“This is just another way we help to ensure the car’s residual values remain as high as possible,” says Ellam. Vauxhall estimates forces can claw back between £700 and £1,500 per vehicle this way. As we make our way along the factory floor, it is interesting to note there are no robots whirring about nor any other signs of automation – all work is done by hand as the cars are pushed from one station to the next.

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“There are two reasons for this,” says Ellam. “The first is modern cars like the Astra Sports Tourer aren’t built to be taken apart by machines, so it has to be done by hand.”

The second is that there is no single standard police-spec car. Each of the 45 police forces in the UK can order a unique vehicle from Vauxhall to match its requirements.

“To understand why, you have to remember police forces are steeped in history. They’re proud of their heritage, but they also have very different needs due to the geographical areas they are based in,” Ellam tells us.

For example, while most police forces prefer diesels due to their low running costs and higher torque, the Met Police in London is looking at petrol cars for the future, as the capital continues to clamp down on emissions.

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The last few years have seen steps towards uniformity, however. “The livery is now standard across the forces, as is the lighting and the light bursts,” says Ellam. “There are currently three different radio communications devices for the police to choose from, but in the future we can expect to see a more standard spec for the police cars.”

We move to the fourth and fifth bays, where exterior parts are stripped from the cars. We’re handed a plastic bag that contains metres of wire and 56 different plug-ends – the wires will be installed throughout the vehicles to power increasingly sophisticated electronics. The modern-day police car is essentially a computer on wheels boasting the likes of mobile data systems, cameras to read licence plates and data collectors.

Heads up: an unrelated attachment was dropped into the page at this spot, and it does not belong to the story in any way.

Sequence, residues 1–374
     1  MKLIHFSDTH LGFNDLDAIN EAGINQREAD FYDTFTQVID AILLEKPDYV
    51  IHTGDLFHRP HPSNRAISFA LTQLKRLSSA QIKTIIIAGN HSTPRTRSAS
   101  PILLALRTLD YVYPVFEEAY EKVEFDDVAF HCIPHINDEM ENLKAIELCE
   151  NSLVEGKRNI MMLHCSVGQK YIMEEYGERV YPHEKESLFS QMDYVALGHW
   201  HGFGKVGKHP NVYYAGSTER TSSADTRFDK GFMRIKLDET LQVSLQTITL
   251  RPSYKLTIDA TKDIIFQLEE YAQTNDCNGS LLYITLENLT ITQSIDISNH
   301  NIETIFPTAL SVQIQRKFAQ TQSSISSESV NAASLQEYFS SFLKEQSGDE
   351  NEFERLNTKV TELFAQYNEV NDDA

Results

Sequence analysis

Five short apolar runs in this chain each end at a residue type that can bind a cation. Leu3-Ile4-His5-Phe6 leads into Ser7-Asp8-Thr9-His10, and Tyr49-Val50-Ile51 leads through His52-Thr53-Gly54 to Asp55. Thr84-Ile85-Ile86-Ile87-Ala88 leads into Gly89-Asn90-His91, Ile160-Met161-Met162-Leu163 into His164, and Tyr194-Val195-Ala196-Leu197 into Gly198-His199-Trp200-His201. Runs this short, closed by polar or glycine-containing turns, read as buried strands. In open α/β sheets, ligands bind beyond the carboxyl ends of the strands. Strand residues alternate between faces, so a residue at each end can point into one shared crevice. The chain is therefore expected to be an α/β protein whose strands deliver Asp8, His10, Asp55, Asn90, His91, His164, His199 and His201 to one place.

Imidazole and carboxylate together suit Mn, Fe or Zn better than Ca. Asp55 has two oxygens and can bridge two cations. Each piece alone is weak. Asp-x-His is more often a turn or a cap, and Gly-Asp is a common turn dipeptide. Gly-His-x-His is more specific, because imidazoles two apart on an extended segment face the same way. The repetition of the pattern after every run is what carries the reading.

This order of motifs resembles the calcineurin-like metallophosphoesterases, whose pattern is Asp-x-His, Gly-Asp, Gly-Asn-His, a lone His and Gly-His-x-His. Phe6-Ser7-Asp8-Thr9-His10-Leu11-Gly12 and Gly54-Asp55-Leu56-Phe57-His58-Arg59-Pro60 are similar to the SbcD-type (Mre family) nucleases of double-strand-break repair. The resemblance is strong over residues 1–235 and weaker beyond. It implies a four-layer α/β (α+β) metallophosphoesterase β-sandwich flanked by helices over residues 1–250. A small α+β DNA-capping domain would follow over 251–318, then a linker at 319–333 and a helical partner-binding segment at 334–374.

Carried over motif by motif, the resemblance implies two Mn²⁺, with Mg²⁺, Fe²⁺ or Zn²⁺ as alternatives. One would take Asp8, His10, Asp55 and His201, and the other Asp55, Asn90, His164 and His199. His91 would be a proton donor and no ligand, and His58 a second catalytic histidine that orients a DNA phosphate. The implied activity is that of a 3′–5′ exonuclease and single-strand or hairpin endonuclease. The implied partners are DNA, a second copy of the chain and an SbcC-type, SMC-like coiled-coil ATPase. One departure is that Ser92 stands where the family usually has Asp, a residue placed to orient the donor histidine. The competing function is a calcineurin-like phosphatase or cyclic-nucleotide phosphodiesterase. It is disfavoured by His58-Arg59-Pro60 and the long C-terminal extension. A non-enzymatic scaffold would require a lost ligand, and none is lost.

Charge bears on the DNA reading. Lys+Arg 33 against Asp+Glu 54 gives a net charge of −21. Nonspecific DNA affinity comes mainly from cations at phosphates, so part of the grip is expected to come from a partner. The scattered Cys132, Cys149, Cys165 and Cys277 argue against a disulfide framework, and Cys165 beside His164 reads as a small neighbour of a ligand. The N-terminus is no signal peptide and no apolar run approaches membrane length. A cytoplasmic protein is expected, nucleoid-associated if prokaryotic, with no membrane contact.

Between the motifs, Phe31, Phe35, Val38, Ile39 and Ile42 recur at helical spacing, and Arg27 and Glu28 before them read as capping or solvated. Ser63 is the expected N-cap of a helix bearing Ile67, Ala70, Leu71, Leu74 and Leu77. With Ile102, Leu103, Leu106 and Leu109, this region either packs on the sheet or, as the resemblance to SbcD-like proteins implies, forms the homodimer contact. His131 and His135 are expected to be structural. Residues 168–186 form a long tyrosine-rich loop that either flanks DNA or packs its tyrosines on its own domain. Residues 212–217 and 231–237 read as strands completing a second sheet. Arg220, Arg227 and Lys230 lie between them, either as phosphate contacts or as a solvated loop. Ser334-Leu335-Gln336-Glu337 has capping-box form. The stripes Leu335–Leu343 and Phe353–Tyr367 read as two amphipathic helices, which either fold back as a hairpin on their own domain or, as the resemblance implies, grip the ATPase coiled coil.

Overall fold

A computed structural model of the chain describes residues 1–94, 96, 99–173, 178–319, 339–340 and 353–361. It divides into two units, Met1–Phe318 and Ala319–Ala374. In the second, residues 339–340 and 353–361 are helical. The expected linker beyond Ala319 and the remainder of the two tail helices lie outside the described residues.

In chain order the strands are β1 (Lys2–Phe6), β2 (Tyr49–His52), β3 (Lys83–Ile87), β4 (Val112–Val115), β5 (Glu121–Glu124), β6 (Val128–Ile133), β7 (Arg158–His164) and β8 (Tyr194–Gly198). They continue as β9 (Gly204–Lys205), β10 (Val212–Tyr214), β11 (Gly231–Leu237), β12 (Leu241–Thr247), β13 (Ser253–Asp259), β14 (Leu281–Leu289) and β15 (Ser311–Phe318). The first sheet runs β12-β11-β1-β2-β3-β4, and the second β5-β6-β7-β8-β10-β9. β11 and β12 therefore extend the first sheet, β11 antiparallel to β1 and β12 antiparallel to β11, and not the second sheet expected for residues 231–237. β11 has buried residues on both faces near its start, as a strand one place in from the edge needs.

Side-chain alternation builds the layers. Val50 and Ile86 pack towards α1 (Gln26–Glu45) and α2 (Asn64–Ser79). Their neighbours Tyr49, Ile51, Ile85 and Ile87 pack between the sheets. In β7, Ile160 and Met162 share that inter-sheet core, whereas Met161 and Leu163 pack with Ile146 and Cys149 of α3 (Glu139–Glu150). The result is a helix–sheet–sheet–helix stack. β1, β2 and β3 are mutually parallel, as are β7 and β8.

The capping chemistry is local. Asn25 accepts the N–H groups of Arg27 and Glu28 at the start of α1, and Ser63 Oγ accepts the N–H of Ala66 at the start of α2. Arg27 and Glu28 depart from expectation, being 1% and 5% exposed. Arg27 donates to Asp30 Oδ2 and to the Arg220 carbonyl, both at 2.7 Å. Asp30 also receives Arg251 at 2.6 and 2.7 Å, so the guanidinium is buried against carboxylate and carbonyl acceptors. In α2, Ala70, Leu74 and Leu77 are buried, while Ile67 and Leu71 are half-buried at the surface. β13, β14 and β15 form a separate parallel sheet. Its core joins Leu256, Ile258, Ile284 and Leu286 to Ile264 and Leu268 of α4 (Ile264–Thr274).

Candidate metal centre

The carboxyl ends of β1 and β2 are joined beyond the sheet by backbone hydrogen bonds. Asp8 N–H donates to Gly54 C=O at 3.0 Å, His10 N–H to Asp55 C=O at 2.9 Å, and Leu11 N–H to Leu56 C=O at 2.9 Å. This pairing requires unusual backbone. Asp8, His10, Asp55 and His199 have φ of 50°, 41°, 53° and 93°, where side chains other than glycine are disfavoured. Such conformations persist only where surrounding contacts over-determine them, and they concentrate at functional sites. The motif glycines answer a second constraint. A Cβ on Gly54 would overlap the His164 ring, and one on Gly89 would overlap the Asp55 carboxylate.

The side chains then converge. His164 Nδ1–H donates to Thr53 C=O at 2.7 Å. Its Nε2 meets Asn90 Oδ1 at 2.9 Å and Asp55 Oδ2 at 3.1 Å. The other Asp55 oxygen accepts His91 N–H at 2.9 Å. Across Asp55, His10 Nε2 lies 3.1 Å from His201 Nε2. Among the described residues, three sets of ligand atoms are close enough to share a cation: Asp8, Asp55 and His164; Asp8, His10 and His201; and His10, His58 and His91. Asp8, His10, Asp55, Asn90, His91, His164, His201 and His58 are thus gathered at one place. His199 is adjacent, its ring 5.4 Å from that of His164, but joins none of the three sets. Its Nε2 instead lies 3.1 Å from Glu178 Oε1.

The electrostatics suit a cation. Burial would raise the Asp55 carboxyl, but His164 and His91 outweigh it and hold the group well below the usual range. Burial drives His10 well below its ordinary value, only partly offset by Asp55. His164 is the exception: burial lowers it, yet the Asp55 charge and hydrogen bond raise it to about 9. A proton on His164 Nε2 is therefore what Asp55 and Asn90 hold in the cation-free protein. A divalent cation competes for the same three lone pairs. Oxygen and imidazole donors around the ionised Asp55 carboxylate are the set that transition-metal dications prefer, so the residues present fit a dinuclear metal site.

“The nature of the police car is completely different today. The patrol vehicle is now very much a mobile office for the police,” says Ellam.

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In the past, police officers would take notes at an incident scene, speak to witnesses and then drive to the station to write up their reports. Today, they can use tablets to upload those reports to the main police server directly from their cars. In the future, Vauxhall hopes to have every police force connected via either 4G or new, innovative satellite technology that offsets poor signal in remote and rural areas. Electronics connected, the interior trim is replaced, and the car is rolled off the production line to a separate location where the livery is applied.

Although the reflective colour patterns have been standardised (you would have to go back to 1998 to find police cars with different schemes across the UK), it still takes workers hours to piece the puzzle of panels together – a single employee can finish just three cars in a day.

The final stage in the conversion from everyday car to bespoke police vehicle involves the installation of communications systems and other specialist equipment.

Not every vehicle that comes out of the plant is given a full tour round the block, but Auto Express can’t resist getting behind the wheel of a shiny new police car and sending the blue lights flashing. We give the 1.6-litre Astra Sports Tourer a quick spin to ensure it’s up to the high standards demanded by the force, and although it drives like an everyday model, it feels very different indeed.

What are the best and worst police cars? Find out here...